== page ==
The Brilliant Life and Violent Times of Lorenzo de' Medici
Simon + Schuster Inc. (Verlag)
  • erschienen am 6. Mai 2008
  • |
  • 384 Seiten
978-1-4165-4510-1 (ISBN)
Magnifico is a vividly colorful portrait of Lorenzo de' Medici, the uncrowned ruler of Florence during its golden age. A true "Renaissance man," Lorenzo dazzled contemporaries with his prodigious talents and magnetic personality. Known to history as Il Magnifico (the Magnificent), Lorenzo was not only the foremost patron of his day but also a renowned poet, equally adept at composing philosophical verses and obscene rhymes to be sung at Carnival. He befriended the greatest artists and writers of the time -- Leonardo, Botticelli, Poliziano, and, especially, Michelangelo, whom he discovered as a young boy and invited to live at his palace -- turning Florence into the cultural capital of Europe. He was the leading statesman of the age, the fulcrum of Italy, but also a cunning and ruthless political operative. Miles Unger's biography of this complex figure draws on primary research in Italian sources and on his intimate knowledge of Florence, where he lived for several years.

Lorenzo's grandfather Cosimo had converted the vast wealth of the family bank into political power, but from his earliest days Lorenzo's position was precarious. Bitter rivalries among the leading Florentine families and competition among the squabbling Italian states meant that Lorenzo's life was under constant threat. Those who plotted his death included a pope, a king, and a duke, but Lorenzo used his legendary charm and diplomatic skill -- as well as occasional acts of violence -- to navigate the murderous labyrinth of Italian politics. Against all odds he managed not only to survive but to preside over one of the great moments in the history of civilization.

Florence in the age of Lorenzo was a city of contrasts, of unparalleled artistic brilliance and unimaginable squalor in the city's crowded tenements; of both pagan excess and the fire-and-brimstone sermons of the Dominican preacher Savonarola. Florence gave birpth to both the otherworldly perfection of Botticelli's Primavera and the gritty realism of Machiavelli's The Prince. Nowhere was this world of contrasts more perfectly embodied than in the life and character of the man who ruled this most fascinating city.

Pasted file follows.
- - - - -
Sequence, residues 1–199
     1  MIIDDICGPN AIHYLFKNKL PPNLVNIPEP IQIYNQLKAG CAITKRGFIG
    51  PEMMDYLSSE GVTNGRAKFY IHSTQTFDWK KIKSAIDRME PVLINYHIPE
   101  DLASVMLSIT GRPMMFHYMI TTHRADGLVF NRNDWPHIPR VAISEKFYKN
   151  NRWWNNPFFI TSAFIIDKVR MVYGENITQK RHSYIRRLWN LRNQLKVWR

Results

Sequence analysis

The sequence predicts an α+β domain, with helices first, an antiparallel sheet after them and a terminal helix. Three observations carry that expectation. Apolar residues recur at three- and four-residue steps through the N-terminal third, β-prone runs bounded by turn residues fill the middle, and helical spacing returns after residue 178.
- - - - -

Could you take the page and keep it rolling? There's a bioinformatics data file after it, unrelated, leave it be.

• Englisch
  • Riverside
  • |
  • USA
20 b/w photos
  • 1,82 MB
978-1-4165-4510-1 (9781416545101)
weitere Ausgaben werden ermittelt
Miles J. Unger
  • Intro
  • Colophon
  • Title Page
  • Copyright
  • Dedication
  • Contents
  • List of Illustrations
  • Maps
  • I The Road from Careggi
  • II Family Portrait
  • III Master of Ceremony
  • IV Hope of the City
  • V Devil's Paradise
  • VI Games of Fortune
  • VII Lord of the Joust
  • VIII A Wedding and a Funeral
  • IX Master of the Shop
  • X Fat Victory
  • XI Domestic Tranquillity
  • XII The Shadow of Rome
  • XIII Under the Sign of Mars
  • XIV Conspiracy
  • XV Murder in the Cathedral
  • XVI The Bloodstained Pavement
  • XVII Neapolitan Gambit
  • XVIII The Shadow Lifts
  • XIX The Garden and the Grove
  • XX The Cardinal and the Preacher
  • Epilogue: The Spirit in the Ring
  • Medici Family Tree
  • Note on the Government of Florence in the Age of Lorenzo
  • Notes
  • Bibliography
  • Photographic Insert

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